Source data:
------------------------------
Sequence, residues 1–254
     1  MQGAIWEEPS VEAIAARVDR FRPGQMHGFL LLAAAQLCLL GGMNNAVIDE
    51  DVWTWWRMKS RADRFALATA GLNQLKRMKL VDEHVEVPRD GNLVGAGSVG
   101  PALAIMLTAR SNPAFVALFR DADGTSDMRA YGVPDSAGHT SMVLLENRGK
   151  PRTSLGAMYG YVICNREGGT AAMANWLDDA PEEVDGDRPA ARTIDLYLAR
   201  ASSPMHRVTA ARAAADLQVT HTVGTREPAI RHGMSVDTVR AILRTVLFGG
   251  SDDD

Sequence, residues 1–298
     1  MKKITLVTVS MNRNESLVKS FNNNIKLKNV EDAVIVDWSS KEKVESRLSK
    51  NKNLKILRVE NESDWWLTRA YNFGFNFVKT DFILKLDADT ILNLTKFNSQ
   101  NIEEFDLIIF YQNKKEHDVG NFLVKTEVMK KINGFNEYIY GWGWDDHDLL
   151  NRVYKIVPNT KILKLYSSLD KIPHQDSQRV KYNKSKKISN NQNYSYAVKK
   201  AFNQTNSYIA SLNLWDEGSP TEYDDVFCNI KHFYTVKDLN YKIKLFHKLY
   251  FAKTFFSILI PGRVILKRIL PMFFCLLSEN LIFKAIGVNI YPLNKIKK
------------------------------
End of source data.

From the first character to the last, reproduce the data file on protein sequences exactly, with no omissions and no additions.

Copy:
Sequence, residues 1–254
     1  MQGAIWEEPS VEAIAARVDR FRPGQMHGFL LLAAAQLCLL GGMNNAVIDE
    51  DVWTWWRMKS RADRFALATA GLNQLKRMKL VDEHVEVPRD GNLVGAGSVG
   101  PALAIMLTAR SNPAFVALFR DADGTSDMRA YGVPDSAGHT SMVLLENRGK
   151  PRTSLGAMYG YVICNREGGT AAMANWLDDA PEEVDGDRPA ARTIDLYLAR
   201  ASSPMHRVTA ARAAADLQVT HTVGTREPAI RHGMSVDTVR AILRTVLFGG
   251  SDDD

Sequence, residues 1–298
     1  MKKITLVTVS MNRNESLVKS FNNNIKLKNV EDAVIVDWSS KEKVESRLSK
    51  NKNLKILRVE NESDWWLTRA YNFGFNFVKT DFILKLDADT ILNLTKFNSQ
   101  NIEEFDLIIF YQNKKEHDVG NFLVKTEVMK KINGFNEYIY GWGWDDHDLL
   151  NRVYKIVPNT KILKLYSSLD KIPHQDSQRV KYNKSKKISN NQNYSYAVKK
   201  AFNQTNSYIA SLNLWDEGSP TEYDDVFCNI KHFYTVKDLN YKIKLFHKLY
   251  FAKTFFSILI PGRVILKRIL PMFFCLLSEN LIFKAIGVNI YPLNKIKK